Osceola County Developments

St. Cloud Council to consider annexation for new senior apartments

The buildings are designed to resemble large residential buildings. Each three-story building will have a dozen apartments.

The St. Cloud City Council is scheduled to vote Thursday on a voluntary annexation request from the developer of a new 36-unit apartment complex for seniors.

The project won unanimous support from the city's Planning Commission in December. Owner/developer Jose Quezada is seeking high-density residential zoning for the 2.2-acre parcel on Brown Chapel Road, just south of Summer Cove Apartments.


Quezada told GrowthSpotter he has invested in commercial and single family residential projects, but this is his first multifamily project. He bought the property last July for just $115,000 and estimates the total investment will be $3.5 million.

Planning & Zoning Manager Andre Anderson said the proposed zoning allows up to 18 dwelling units per acre, but this project would be capped at 16.7 units per acre.  In addition, the developer has agreed to an enhanced buffer between the Morningstar property and a neighboring church, which is located in a residential zone.

The 2-acre parcel outlined in yellow is an unincorporated enclave bordering the city of St. Cloud. The City Council will consider annexing the site Thursday for development of a 36-unit age-restricted apartment complex.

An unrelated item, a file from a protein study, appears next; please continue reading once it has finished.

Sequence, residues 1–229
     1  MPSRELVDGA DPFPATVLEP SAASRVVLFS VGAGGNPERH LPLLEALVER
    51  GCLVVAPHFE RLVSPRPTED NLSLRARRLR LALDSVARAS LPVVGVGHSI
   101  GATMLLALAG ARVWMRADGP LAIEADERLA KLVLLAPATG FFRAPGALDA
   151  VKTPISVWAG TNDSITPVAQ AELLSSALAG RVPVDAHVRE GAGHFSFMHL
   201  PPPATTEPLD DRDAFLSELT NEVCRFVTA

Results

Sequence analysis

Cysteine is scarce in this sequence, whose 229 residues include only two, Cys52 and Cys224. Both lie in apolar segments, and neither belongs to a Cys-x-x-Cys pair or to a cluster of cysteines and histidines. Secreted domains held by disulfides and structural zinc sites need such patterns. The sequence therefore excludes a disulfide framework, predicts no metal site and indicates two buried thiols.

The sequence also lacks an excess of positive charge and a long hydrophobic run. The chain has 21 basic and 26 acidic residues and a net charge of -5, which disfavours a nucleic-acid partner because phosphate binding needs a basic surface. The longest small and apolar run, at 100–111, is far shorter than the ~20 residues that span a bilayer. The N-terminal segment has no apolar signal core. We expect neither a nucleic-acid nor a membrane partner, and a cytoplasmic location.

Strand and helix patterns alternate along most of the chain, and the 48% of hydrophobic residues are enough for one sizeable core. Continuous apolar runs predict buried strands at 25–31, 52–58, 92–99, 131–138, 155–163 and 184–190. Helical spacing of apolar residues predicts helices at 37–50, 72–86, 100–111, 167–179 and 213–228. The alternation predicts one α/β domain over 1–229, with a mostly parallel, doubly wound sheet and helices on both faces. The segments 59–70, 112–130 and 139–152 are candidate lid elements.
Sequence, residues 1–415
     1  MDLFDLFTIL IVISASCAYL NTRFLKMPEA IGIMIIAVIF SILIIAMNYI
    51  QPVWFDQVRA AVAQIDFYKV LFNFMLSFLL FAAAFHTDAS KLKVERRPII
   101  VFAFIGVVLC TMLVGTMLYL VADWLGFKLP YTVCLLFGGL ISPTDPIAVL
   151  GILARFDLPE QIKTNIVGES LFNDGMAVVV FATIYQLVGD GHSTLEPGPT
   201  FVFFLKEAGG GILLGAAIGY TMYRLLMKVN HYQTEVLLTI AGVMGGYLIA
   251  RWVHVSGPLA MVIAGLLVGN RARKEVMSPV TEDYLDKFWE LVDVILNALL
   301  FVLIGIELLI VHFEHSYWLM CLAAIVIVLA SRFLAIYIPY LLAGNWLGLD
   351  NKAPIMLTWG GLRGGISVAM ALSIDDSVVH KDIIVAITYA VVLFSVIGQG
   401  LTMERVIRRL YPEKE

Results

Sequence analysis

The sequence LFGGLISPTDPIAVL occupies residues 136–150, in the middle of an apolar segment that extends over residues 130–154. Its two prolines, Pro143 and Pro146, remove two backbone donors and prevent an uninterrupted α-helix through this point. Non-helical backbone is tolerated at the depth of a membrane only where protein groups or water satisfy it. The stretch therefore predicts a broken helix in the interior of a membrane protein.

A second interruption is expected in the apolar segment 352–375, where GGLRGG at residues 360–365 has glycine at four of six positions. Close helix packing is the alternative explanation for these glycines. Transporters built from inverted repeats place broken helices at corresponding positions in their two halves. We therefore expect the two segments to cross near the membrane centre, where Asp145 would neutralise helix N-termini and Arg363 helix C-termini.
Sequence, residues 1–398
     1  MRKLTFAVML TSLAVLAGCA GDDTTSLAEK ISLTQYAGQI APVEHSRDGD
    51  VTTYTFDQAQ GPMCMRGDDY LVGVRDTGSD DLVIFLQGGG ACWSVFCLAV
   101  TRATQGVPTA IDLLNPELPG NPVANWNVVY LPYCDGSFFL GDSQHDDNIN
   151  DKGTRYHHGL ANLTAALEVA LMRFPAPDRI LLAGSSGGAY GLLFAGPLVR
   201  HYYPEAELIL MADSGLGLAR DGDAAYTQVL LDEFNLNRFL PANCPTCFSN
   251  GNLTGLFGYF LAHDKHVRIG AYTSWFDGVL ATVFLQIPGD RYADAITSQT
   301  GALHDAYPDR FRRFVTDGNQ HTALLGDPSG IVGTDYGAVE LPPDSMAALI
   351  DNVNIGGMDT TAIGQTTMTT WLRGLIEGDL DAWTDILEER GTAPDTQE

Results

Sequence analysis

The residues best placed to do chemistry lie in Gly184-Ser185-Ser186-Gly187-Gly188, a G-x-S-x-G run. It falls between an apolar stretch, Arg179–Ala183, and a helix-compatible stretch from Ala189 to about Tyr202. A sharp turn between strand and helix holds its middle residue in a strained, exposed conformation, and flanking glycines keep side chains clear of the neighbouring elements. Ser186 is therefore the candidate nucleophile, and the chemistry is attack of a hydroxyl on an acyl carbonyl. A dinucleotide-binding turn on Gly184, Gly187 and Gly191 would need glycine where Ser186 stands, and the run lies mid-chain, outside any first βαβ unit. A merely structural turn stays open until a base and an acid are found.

"We don't require buffering between residential projects," he told the Planning Commission. "He's going to include residential-to-commercial standard buffering."

Each 900-square-foot unit would have two bedrooms and two bathrooms. The amenity package is still being finalized, but Anderson said the complex will be market rate.

"We're trying to hit a price range where it's still affordable," Quezada said.

Arfrant Construction will serve as general contractor. Quezada said he hopes to start construction in the fall.

Consultant Phillip Hollis helped develop the concept and is representing him through the entitlement process. He told planning commissioners the three-story buildings would have elevator access and spacious parking.

"We've not shown any compact (car) spaces in our plan," he said. "In our experience, seniors appreciate the good-old-fashioned 10-by-20 spaces."

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